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"Optimal" mammography?

5 Post author: shminux 22 November 2012 08:02PM

With all the Bayesian experts here, it should be a no-brainer to figure out what to make of the recent study (popular description). It says that, despite doubling early detection rates, late stage cancers declined by barely 8%, so most new early detections are effectively false positives, i.e. they would not develop into a life-threatening condition if left untreated. 

Some contradictory quotes:

"We've suggested to women that having a mammogram is one of the most important things you can do for your health, and that's simply not true," Welch says. "I can't tell you the right thing to do, except to tell women the truth, tell them both sides of the story. We shouldn't be scaring women. This is a really close call."

Eric Winer, head of breast medical oncology at Boston's Dana-Farber Cancer Institute, notes that the study found an 8% reduction in the number of women whose tumors were detected at more advanced stages. Even under a scenario in which mammograms led more than 1 million women to receive unnecessary treatment, the screenings would have prevented 410,000 diagnoses of late-stage cancer.

Though women have been instructed that "early detection saves lives," relatively few are told that screenings also have costs, including the risk of undergoing surgery, radiation and drug therapy that doesn't help them, Kramer says. "The risks of overdiagnosis are real, and women ought to know about it," Kramer says.

Given the test's limitations, Winer says, women may choose to have fewer screenings to reduce their risk. "It certainly suggests that a woman who chooses to wait until she's 50 to have mammograms, or who chooses to have mammograms every other year, is making a rational decision," Winer says.

“We’re coming to learn that some cancers — many cancers, depending on the organ — weren’t destined to cause death,” said Dr. Barnett Kramer, a National Cancer Institute screening expert. However, “once a woman is diagnosed, it’s hard to say treatment is not necessary.”

“We are left to conclude, as others have, that the good news in breast cancer — decreasing mortality — must largely be the result of improved treatment, not screening,”

“Instead, we’re diagnosing a lot of something else — not cancer” in that early stage, Bleyer said. “And the worst cancer is still going on, just like it always was.”

 

Another expert, Dr. Linda Vahdat, director of the breast cancer research program at Weill Cornell Medical College in New York, said the study’s leaders made many assumptions to reach a conclusion about overdiagnosis that “may or may not be correct.”

“I don’t think it will change how we view screening mammography,” she said.

 

Comments (15)

Comment author: Kawoomba 22 November 2012 08:49:31PM 14 points [-]

I liked this snippet from the respective article of the NYTimes:

(...) proponents [of mammography screenings] have used the most misleading screening statistic there is: survival rates. A recent Komen foundation campaign typifies the approach: “Early detection saves lives. The five-year survival rate for breast cancer when caught early is 98 percent. When it’s not? It decreases to 23 percent.”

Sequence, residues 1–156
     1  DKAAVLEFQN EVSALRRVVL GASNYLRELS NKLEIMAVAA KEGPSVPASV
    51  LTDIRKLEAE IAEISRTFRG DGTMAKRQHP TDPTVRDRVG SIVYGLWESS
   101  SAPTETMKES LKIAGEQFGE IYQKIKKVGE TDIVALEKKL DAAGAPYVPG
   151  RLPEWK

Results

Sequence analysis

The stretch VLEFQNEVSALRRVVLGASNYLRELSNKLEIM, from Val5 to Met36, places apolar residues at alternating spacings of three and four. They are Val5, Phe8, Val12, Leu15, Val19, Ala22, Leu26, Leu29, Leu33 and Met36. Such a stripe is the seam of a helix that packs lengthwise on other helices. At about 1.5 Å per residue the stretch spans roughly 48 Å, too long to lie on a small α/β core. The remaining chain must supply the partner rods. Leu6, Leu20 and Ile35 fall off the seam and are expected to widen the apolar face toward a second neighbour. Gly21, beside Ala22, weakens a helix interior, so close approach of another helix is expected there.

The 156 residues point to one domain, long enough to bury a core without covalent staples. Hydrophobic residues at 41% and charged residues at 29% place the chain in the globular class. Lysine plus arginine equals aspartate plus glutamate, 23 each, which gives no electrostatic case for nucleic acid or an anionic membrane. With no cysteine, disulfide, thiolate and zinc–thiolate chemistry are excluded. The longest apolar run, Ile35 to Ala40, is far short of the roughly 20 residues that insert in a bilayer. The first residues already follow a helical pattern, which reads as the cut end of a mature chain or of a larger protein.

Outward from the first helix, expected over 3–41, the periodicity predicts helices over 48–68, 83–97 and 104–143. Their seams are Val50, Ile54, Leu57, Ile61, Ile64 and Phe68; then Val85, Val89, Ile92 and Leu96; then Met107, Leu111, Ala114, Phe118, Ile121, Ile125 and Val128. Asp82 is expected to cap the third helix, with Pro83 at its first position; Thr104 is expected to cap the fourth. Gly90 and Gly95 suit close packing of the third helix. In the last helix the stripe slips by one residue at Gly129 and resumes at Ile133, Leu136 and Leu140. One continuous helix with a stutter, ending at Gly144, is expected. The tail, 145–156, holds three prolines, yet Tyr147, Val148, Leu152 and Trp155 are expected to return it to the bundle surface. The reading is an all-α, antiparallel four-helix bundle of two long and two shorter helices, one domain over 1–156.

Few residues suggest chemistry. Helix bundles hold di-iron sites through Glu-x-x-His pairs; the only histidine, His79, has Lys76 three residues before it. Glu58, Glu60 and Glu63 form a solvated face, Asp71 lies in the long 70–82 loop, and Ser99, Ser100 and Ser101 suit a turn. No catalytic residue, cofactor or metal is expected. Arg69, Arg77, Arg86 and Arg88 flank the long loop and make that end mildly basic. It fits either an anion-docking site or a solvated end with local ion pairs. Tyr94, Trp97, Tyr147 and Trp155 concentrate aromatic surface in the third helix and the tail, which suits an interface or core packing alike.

Survival rates always go up with early diagnosis: people who get a diagnosis earlier in life will live longer with their diagnosis, even if it doesn’t change their time of death by one iota. And diagnosing cancer in people whose “cancer” was never destined to kill them will inflate survival rates — even if the number of deaths stays exactly the same. In short, tell everyone they have cancer, and survival will skyrocket.

The article (by a co-author of the paper also referenced in the OP's link) also does a better job pointing out various pitfalls in interpreting different metrics.

I am still sitting on my medical test that can diagnose every conceivable condition with a sensitivity of - behold - 100%.

Comment author: gwillen 22 November 2012 08:36:42PM 6 points [-]

I have always been very skeptical of the idea of "overdiagnosis". Now, overtreatment is a real problem. And I suppose you could have a problem wherein, once you reveal to a patient that they have a tumor, they're going to want it treated regardless of what the statistics say.

But it sounds to me like the real problem is not patients at all, but doctors who insist on treatment because they don't understand statistics.

"[O]nce a woman is diagnosed, it’s hard to say treatment is not necessary." Well, maybe you need to try harder.

Comment author: Kawoomba 22 November 2012 08:56:21PM 5 points [-]

Good luck selling the "watch and wait" approach to scared patients who have heard they have (buzzword alarm) "CANCER". Explaining to all their social circle why they ignore the "CANCER" in their body. Psychology is a big factor here.

Even educated patients who know their probability theory will often be plagued of thoughts of "What is my cancer doing right now? Is it growing? Should I really ignore it? It's in my body!" Often times in such cases the (unnecessary) treatment buys you peace of mind, at great cost. It's much more rational to forego the test if you know you'd rather not treat, than expose yourself to (typically) such immense mental duress.

Comment author: Douglas_Knight 23 November 2012 05:10:44PM 4 points [-]

There is a simple solution to this problem: don't call it cancer. I think the name DCIS exists for partly for this reason, although the C standing for carcinoma isn't helping. There are many specific proposals for certain grades of cancer to be called hyperplasia or adenoma, entirely for this reason, but I don't think they've caught on.

Comment author: Decius 23 November 2012 02:20:25AM 1 point [-]

So, what we really need is a great placebo treatment with minimal side effects?